By Santosh Desai
May 2, 2016
What makes an event news? This somewhat unoriginal question came into sharp focus last week for me on my first trip to Pakistan. One of the co-speakers at a marketing conference I was speaking at in Karachi happened to be Kabir Khan, the director of films like Ek Tha Tiger, Bajrangi Bhaijaan and Phantom. As has been reported here, the director was heckled by a dozen or so protestors and threatened with a shoe as he was leaving the country. The trouble had started the evening before, with a local channel stirring things up by pointing to Khan’s film Phantom which it alleged was anti-Pakistan. Media on both sides picked up on this incident and it became another media ‘event’, an item to be consumed as part of a larger narrative of mistrust and hostility.
Given the background of India-Pakistan relations, any event of this kind could legitimately be considered news; after all, if random utterances of those on the lunatic fringe can be reported faithfully, why not an attack on a Bollywood director? It helped that there was video footage of the incident and that a shoe, that menacing staple of mob violence, was also involved.
And yet, this incident and the attention it has received is completely at odds with the reception that Khan received in Pakistan. The larger truth about Khan’s visit was that he was inundated with admiration and affection; as a co-speaker one didn’t get to meet him, because he was always ten-feet deep in adulation. In an hour-long question answer session with a Pakistani director, Khan was articulate, honest and insightful as he addressed a broad range of issues. He was asked about his film Phantom, not in anger but in disappointment (Why go back to the old stereotype about Pakistan after doing Bajrangi), and his reply, that it was important to understand that a small group of people on both sides should not be confused with the nation at large was greeted with enthusiastic applause by an adoring audience.
As a spectator to this tableau, it is clear that what eventually became news was not in the least bit representative of what actually transpired. And yet, the truth is that a trip by a Bollywood director as well as the reception is received would not have been deemed particularly newsworthy by itself. Kabir Khan’s trip became news because of someone waving a shoe at him. The warmth of the hosts and the genuineness and abundance of the good feeling generated throughout the trip were by themselves not worthy of being documented. The attack was, because it added another chapter of the on-going saga of reciprocal hatred. The enemy revealed himself yet again, even if the show of hostility was an aberration, a spectacle enacted for effect.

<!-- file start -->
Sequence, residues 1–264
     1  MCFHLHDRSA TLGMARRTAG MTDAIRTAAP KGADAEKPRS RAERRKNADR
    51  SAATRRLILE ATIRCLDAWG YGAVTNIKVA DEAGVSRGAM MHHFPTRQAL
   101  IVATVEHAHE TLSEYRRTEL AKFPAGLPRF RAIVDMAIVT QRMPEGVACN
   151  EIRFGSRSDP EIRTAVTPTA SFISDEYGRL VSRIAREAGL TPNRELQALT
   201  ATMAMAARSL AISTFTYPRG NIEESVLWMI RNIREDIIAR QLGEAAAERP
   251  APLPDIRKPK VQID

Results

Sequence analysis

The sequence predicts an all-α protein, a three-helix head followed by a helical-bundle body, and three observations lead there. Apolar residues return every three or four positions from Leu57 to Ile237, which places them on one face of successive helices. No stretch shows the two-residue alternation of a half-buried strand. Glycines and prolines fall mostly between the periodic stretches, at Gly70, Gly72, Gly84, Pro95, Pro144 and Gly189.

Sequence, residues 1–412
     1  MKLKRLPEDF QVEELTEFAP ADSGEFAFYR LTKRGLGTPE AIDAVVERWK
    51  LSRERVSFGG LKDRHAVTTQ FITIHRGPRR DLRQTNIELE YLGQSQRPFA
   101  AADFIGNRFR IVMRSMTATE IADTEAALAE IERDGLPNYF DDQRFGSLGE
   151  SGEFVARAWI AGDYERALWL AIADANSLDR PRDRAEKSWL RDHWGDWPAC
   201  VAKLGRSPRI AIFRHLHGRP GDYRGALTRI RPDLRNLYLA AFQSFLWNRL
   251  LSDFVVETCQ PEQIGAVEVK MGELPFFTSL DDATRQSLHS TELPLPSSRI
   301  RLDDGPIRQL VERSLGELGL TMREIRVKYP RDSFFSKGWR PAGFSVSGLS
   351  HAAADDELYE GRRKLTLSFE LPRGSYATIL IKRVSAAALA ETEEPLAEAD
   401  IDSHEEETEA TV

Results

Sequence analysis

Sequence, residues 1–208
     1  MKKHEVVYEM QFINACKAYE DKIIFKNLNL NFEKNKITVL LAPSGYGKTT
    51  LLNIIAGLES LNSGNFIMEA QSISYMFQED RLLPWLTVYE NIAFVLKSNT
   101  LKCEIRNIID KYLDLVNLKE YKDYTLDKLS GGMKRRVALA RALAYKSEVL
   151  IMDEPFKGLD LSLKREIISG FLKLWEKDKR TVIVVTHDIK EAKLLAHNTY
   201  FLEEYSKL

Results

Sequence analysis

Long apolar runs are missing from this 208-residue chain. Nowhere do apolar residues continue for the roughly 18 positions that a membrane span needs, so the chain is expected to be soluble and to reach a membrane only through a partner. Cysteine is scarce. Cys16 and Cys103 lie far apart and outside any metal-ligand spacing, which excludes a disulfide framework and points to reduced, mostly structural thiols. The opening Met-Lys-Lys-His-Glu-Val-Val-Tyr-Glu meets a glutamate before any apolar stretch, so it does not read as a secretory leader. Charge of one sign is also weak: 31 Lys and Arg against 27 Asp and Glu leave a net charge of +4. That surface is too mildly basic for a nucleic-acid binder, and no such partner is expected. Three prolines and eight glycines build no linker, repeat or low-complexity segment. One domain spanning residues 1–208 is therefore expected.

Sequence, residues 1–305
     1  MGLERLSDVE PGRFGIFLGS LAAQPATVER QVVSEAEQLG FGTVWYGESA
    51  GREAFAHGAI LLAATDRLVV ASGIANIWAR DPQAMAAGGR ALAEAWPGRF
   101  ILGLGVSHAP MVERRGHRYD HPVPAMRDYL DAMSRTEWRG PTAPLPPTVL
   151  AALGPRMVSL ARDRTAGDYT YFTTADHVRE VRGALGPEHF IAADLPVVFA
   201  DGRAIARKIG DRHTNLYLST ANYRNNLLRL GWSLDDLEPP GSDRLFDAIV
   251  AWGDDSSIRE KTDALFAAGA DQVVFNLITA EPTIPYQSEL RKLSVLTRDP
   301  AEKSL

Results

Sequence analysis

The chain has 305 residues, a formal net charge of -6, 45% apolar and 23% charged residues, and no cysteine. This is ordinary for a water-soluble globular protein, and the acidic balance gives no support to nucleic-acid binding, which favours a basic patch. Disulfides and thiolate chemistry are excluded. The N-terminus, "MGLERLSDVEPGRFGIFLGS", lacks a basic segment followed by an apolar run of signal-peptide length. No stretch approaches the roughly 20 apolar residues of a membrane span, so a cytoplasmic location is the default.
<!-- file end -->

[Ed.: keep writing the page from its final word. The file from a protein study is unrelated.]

But there is another larger story that should interest us. The really significant aspect of the whole matter is not the individual who made the film, but the film that connected with so many. The popular Pakistani reaction to Bajrangi Bhaijaan speaks of something deep and real, something that should by all accounts be considered extremely newsworthy. That a film of this kind ostensibly about an Indian superhero could strike such a deep chord, and evoke such spontaneous reactions is a subject worth examining more closely. Bajrangi Bhaijaan was a highly successful film in India, but in Pakistan it seemed to have been much more. Its message of humanity struck a real chord- it signalled that the interest in finding a common connection rooted in the present was a mutual one. Bajrangi Bhaijaan showed than an Indian film could acknowledge the humanity of the other side, even as it told a heroic tale of an Indian helping a Pakistani child. While Salman Khan was the main hero in the film, so was virtually everyone else, for almost every character radiated a warm sense of humanness.
Elsewhere in Karachi too, India is present in many different ways. The live music in restaurants effortlessly weaves in and out of Bollywood, including in a restaurant that goes under the name Pakistani. The power of Bollywood cannot be underestimated; films and the stars are a common currency of conversation, and they populate the local consciousness quite effortlessly, sometimes in quirky ways. A young lady spoke to me about her trip to Mumbai and the delight she experienced upon spotting location made familiar by films. The high point of her trip was going to a Mandir so that she could ring the bells loudly as she had seen so many times on screen! The largest brand of ‘lawn’- that Pakistani innovation of unstitched Shalwar-Quameez fabric that has become all the rage is called Khaadi, and its ads are everywhere. Indian entertainment channels are available on cable, and the IPL is covered live, accompanied by a set of Pakistani commentators who do the pre-match mumbles.
And yet, as the Pakistani reporter played by Nawazuddin Siddiqui in the film says, hate is much more marketable than love. It would seem that news struggles to find a way out of the past and to escape a narrative that it has helped construct. Things that run counter to the dominant narrative are not considered newsworthy or are reported without due emphasis, even if they are significant in scale. Things that support the dominant narrative, even if they are minor, become big news for they validate, rather than challenge our existing understanding. This is true regardless of ideology; this is the reason why right wing attacks on freedom always get more play than left-wing violations- the dominant narrative has been set, and anything that disturbs this gets shrugged off.
The irony about news is that it implicitly discriminates against the new. The old cements itself as it did last week in Karachi where twelve people out to get covered on television won and hundreds who cheered for peace and understanding got lost in the din of the headlines.